Every diamond, like every snowflake, is unique. Diamonds differ from one another in any one of four categories, referred to as the 4C’s – Carat Weight, Clarity, Color, and Cut. Using the 4C’s as criteria, gemologists grade each diamond to determine its value.
The diamond market has defined several different “magic weights” for diamonds, which impacts the price. A “magic weight” is the weight at which the value, or cost, per carat of the diamond increases. For example, a diamond that weighs 0.98ct can have a significantly lower cost than one that weighs 1.00ct, with all other factors equal, because 1.00ct is a “magic weight”. When shopping for a loose diamond, ask for the specific weight to verify that the price is relative to the exact carat weight.
As the weight of a diamond increases, so does the price per carat.
Therefore, the better the clarity, the more the value, and gemologists classify clarity using these eleven grades:
Flawless diamonds show no blemishes or inclusions when examined by a skilled and experienced grader under 10x magnification.
The following do not disqualify a stone from the flawless category.
IF stones show no inclusions and only significant blemishes under 10x magnification. normally what separates IF from FL stones are characteristics that can be removed by minor repolishing (light surface graining is an exception).
VVS diamonds contain minute inclusions that are difficult for even the skilled grader to locate under 10x magnification. In VVS1, they are extremely difficult to see, visible only from the pavilion , or small and shallow enough to be removed by minor repolishing. In VVS2, the minor inclusions are very difficult to see.
VS stones contain minor inclusions ranging from difficult (VS1) to somewhat easy (VS2) for a trained grader to see under 10x magnification. Small included crystals, small feathers, and distinct clouds are typical.
SI stones contain noticeable inclusions which are easy (SI1) to very easy (SI2) to see under 10x magnification. In some SIs, inclusions can be seen with the unaided eye.
I1, I2 and I3 (Imperfect)
I-grade diamonds contain inclusions which are obvious to a trained grader under 10x magnification, can often be easily seen face-up with the unaided eye,
seriously affect the stone’s potential durability, or are so numerous they affect transparency and brilliance.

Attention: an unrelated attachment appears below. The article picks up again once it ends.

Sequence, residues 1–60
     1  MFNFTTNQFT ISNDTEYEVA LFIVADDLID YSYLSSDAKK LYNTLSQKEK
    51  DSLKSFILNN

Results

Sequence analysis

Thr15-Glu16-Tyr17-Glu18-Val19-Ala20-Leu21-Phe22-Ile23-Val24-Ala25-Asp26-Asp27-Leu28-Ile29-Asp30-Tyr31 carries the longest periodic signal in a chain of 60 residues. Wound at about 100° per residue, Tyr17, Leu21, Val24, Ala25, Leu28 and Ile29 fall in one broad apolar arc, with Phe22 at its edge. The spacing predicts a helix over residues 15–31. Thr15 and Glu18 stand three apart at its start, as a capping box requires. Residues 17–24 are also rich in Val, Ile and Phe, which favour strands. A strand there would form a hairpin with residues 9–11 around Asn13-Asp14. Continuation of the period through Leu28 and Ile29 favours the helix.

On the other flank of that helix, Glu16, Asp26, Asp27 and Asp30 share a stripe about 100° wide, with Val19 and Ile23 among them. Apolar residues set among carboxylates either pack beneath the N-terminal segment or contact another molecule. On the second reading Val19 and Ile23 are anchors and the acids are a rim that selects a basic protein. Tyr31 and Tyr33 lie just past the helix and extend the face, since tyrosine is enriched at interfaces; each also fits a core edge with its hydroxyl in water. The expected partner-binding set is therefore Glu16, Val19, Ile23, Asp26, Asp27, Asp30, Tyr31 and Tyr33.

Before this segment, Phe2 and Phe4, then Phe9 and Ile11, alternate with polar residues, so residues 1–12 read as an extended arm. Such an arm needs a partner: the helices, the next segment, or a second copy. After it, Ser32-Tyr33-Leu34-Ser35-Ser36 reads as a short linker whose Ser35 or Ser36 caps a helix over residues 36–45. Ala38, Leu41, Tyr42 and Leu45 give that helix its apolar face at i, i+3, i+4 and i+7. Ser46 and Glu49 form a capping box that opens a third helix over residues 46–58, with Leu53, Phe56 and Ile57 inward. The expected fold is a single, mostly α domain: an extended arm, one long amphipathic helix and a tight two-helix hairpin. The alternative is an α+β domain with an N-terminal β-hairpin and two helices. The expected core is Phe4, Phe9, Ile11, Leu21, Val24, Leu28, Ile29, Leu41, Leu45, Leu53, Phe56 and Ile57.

The most popular color range is “Near Colorless” because diamonds in this range are more affordable, and when mounted can appear just as colorless as
diamonds in the “Colorless” range. Typically, less color equals greater rarity, increasing the value of the diamond. But, the natural presence of a fancy color can
result in a cost that is more than a colorless, all things being equal. An example of a fancy color diamond is the famous Hope Diamond, which is a beautiful dark
Style – Diamonds are cut into many shapes and the shape is the most recognizable attribute to most people.
Facet arrangement is a little less common. Most diamonds have one of three basic facet arrangements: brilliant, step, or mixed. Brilliant cut diamonds have a facet pattern that radiates from the center of the stone toward the edge with triangle or kite shaped facets, ex: Round Brilliant. Step cut diamonds have concentric rows of trapezoidal facets running parallel to the girdle, ex: Emerald Cut. A mixed cut diamond combines both brilliant cut facets and step cut facets; often this style is seen as a diamond with a step cut crown and a brilliant cut pavilion. Mixed cuts are not common.
Make – Whatever the shape, a well-cut diamond is the work of a master diamond cutter. When cut to good proportions, a diamond is better able to handle light, creating more scintillation, or sparkle. Although many cannot see an actual difference in cut, they can appreciate and recognize the beauty of a well-cut diamond. It is the cut that enables a diamond to make the best use of light.
How a Diamond Handles Lights:
1. When a diamond is cut to good proportions, light is reflected from one facet to another and then dispersed through the top of the stone.
2. If the cut of the diamond is too deep, some light escapes through the opposite side of the pavilion.
3. If the cut is too shallow, light escapes out the pavilion walls before it can be reflected.
Anatomy of a Diamond Diagram
|Birth Month||Stone||Alternate Stone|
|1||Gold Jewelry||Fresh Water Pearl||18||Cat’s-Eye Chrysoberyl||Opal|
|7||Onyx||Copper, Lapis Lazuli||24||Tanzanite|
|8||Tourmaline||Aventurine, Bronze||25||Sterling Silver|
|9||Lapis Lazuli||Tiger Eye||30||Pearl||Diamond, Jade|
|14||Opal||Gold, Ivory, Moss Agate||55||Alexandrite||Emerald|